3. I have sneaked in some whole wheat flour but generally only all purpose flour is used for making restaurant style kulchas.
4. I used King Arthur brand bread flour and Ashirwad brand whole wheat/chapati flour.
5. If you like it hot, stir in minced green chilies in the onion mixture.

Mumbai Grill, Evanston, IL

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Friday, August 3, 2012

Quinoa "Chaat" Salad

I tasted Quinoa salsa salad at our local Whole Foods recently. I decided to tweak it desi way!

Quinoa Chaat Salad
1 cup quinoa

1 small onion, peeled & chopped finely
1 small red but firm tomato, chopped finely
1 small cucumber, peeled & chopped finely
1 medium potato, boiled, peeled & chopped finely
2 green chilies, minced (optional for additional heat)
2 tbsp cilantro, minced
1 red bell pepper, cored and chopped finely

1 cup boiled garbanzo beans

1 lemon, squeezed

1 recipe chaat chutneys
A pinch of chaat masala
salt to taste

1. Cook quinoa according to the instructions of the packet. Fluff with a fork and let it cool down completely.
2. Just before serving, add all the vegetables and beans.
3. Add salt, chaat masala.
4. Add chutneys per preference
5. Garnish with sev and serve immediately.

Note -
1. Do not add vegetables in advance as it may leave too much moisture.
2. Adjust the amount of chutneys per individual likings.
3. I do not know the Indian name for quinoa in any of the Indian languages. Since this whole grain is cultivated in Peru and other South American countries, I am not sure if it has any Indian name.

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Thursday, August 2, 2012

NaraLi Paak

When I was growing up in Mumbai, sometimes - especially around the months of Shravan/Bhadrapad - we used to get many coconuts. They used to be a part of  haldi-kumkum/kunku or vaiNa pooja ceremonies. VaiNa pooja is a GSB Konkani ceremony. The invitees are given coconuts and chuDa - a small bouquet of orange ratnagundi/shankasur flowers.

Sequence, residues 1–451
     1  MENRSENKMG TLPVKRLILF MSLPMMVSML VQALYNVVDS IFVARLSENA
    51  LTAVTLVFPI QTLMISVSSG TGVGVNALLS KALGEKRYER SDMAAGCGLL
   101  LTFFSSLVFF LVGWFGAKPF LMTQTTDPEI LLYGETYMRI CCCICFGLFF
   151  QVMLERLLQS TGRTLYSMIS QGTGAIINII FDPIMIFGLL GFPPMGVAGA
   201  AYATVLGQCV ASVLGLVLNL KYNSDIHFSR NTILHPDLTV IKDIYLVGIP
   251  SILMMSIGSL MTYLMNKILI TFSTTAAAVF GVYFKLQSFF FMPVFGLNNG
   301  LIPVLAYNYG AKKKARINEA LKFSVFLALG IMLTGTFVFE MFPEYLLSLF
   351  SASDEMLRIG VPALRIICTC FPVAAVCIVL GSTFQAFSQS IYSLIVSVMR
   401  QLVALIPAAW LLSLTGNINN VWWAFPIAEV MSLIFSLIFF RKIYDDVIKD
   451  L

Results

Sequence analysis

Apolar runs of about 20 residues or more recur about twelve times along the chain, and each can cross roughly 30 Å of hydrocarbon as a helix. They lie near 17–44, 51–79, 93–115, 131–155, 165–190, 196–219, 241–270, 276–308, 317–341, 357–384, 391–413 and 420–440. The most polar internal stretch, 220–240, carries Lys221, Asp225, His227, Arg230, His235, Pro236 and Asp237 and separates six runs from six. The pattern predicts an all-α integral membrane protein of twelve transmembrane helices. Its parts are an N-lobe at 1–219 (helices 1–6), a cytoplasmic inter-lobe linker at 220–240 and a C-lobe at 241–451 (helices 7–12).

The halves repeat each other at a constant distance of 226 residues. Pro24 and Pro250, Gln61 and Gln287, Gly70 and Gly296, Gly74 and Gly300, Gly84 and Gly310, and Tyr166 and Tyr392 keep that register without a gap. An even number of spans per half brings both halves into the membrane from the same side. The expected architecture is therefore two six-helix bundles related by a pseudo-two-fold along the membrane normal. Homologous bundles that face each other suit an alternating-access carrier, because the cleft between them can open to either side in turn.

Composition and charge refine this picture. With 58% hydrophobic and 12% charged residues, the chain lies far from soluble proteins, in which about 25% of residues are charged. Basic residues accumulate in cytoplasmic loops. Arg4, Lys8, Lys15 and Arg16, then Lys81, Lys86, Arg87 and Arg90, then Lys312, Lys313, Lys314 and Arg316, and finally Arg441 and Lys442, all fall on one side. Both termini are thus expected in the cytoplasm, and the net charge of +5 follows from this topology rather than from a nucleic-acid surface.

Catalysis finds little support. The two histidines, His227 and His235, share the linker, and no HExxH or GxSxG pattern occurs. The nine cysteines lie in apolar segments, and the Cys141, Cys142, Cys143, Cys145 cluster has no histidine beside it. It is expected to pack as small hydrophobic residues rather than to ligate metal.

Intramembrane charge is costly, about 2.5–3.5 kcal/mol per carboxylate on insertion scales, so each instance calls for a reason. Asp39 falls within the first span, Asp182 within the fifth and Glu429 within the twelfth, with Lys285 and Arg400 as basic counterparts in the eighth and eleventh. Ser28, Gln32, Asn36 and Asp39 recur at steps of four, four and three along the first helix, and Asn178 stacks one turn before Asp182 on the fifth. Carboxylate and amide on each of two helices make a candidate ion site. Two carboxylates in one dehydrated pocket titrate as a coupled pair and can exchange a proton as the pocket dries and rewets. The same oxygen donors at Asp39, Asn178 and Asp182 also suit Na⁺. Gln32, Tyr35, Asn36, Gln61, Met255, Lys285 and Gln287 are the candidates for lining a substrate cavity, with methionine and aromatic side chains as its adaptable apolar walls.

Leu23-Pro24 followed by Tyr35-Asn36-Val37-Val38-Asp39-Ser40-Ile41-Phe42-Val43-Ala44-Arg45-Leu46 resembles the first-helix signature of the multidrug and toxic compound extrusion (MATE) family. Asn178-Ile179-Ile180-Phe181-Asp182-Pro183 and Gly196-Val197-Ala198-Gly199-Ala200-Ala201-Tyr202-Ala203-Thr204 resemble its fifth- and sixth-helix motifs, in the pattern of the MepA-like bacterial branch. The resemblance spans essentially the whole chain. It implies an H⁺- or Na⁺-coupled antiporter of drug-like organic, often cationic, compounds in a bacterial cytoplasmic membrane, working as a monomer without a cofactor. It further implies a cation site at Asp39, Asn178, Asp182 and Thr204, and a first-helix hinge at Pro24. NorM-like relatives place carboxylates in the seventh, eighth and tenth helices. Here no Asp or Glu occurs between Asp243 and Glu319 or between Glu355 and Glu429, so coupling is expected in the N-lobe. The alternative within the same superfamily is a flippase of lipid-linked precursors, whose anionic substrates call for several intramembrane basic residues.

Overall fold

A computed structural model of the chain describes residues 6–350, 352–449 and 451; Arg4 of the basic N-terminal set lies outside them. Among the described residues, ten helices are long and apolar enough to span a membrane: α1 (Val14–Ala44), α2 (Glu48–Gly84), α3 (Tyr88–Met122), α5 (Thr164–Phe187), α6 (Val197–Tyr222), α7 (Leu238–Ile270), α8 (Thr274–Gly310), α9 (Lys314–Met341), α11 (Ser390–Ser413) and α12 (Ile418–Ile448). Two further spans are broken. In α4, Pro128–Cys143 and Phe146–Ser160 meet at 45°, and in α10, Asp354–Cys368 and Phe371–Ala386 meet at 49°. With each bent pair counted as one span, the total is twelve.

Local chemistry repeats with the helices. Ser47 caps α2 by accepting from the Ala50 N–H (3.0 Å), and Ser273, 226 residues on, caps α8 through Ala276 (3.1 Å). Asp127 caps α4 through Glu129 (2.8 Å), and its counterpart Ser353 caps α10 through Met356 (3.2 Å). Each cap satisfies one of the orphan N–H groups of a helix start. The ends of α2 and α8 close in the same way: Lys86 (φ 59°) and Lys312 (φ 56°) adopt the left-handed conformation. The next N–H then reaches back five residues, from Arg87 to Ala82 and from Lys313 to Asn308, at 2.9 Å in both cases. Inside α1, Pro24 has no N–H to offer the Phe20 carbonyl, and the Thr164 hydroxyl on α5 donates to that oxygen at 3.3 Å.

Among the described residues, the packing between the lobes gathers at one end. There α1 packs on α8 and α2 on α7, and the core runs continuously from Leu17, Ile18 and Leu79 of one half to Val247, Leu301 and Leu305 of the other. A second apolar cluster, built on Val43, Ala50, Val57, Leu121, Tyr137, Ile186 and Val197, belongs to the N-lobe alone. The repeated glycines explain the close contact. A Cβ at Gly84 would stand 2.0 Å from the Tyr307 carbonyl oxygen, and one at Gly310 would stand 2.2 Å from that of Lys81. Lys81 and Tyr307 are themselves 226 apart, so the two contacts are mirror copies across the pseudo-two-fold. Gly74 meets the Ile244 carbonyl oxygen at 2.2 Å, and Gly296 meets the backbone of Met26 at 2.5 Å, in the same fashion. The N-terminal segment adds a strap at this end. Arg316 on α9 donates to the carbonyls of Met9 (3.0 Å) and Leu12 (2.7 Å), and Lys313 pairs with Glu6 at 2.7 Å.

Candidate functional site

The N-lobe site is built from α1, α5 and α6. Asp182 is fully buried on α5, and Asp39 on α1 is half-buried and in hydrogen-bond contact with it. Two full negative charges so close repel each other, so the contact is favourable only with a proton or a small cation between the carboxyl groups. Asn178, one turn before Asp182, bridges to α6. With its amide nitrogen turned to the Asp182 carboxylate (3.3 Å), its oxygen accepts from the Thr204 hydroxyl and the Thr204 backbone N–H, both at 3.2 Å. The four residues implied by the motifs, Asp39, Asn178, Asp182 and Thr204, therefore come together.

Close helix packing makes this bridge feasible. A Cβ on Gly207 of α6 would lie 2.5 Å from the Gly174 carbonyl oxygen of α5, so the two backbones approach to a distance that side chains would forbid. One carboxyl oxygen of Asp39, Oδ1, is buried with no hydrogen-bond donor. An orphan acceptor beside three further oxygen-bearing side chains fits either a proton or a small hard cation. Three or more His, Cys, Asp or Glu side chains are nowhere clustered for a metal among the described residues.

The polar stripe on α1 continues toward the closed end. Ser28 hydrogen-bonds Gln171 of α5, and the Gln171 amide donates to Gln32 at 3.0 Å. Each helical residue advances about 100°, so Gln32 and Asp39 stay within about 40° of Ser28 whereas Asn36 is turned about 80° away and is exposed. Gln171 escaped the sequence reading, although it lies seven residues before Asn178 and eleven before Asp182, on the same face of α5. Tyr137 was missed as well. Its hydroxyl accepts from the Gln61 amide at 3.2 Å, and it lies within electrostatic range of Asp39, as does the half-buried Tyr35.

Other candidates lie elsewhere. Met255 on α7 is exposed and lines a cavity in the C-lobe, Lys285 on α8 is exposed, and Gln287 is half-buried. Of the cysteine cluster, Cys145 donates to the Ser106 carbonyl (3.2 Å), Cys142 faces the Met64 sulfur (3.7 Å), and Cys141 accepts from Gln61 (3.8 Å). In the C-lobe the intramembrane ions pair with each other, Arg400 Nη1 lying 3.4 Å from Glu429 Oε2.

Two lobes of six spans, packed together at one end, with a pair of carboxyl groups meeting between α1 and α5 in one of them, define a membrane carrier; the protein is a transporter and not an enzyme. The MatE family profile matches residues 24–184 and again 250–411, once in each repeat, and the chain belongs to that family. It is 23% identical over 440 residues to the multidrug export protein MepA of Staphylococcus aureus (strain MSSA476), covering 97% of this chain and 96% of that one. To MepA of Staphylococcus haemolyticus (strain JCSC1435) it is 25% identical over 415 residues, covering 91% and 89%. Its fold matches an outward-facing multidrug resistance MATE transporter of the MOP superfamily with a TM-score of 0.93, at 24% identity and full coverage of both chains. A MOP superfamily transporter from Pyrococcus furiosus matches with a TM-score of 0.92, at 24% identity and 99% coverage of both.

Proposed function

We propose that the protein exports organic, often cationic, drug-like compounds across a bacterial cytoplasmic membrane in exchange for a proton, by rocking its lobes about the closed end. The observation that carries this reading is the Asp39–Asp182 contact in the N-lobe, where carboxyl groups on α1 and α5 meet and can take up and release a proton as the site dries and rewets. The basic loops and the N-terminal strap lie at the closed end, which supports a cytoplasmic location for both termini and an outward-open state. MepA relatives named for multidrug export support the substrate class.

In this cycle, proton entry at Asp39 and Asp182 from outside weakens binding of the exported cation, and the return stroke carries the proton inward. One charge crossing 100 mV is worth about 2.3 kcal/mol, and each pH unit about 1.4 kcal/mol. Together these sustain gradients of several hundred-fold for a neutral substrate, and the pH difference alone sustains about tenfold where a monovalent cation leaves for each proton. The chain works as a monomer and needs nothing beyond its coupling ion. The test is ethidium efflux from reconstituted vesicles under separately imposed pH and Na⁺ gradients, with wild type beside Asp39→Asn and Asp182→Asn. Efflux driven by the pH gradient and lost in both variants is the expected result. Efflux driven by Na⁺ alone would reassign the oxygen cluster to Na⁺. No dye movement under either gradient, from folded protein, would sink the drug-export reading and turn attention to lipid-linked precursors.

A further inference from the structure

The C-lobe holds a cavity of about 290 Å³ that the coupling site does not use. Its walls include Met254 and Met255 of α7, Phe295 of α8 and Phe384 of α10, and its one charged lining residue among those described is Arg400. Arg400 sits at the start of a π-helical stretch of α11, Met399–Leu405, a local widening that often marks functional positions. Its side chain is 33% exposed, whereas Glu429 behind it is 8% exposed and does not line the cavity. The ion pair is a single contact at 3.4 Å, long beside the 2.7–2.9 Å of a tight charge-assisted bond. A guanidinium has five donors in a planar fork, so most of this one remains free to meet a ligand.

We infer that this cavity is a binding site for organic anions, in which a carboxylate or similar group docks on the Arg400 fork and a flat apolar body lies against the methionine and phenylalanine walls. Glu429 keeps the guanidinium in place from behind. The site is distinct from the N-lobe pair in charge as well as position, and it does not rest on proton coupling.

Mom generally used to keep these coconuts aside. They had some religious significance, so she always made some sweets from it and used to be very particular that they wouldn't get mixed up with the coconuts kept for making non-veg curries. Coconut plays an important role in our coastal Maharashtrian/Konkani/Malvani GSB cuisine.

Mostly, mom would make naraLi paak -or coconut barfi. She would make this in a hurry just before going to work. What started as a quick fix by pushing the coconut mixture in the fridge since mom didn't have time to wait till the firm texture is achieved, later became the necessary step in this recipe.

Naralipak or Naralibhaat is generally made on the Rakhi Day - Rakshabandhan.

NaraLi Paak
ना र ळी पा क 
Coconut Fudge
1 cup freshly scraped coconut
1 cup milk

3/4 cup sugar
1 cup ricotta cheese

Crush to powder
3-4 cardamoms, peeled
few strands of saffron

1. Mix coconut and milk in a heavy bottomed saucepan.
2. Cook on low flame till all the liquid is evaporated. Do not let it burn.
3. Add sugar and ricotta cheese. There will be more moisture now. Saute till all the moisture is evaporated again.
4. Add crushed cardamom and saffron.
5. Grease a steel plate or thali with ghee.
6. Spread coconut mixture uniformly.
7. Keep the thali in refrigerator for at least 1 hour so the mixture gets firm.
8. Cut into squares or diamonds.

1. Mom does not use ricotta cheese.
2.Gujaratis also make a similar recipe which goes by the name "kopra paak".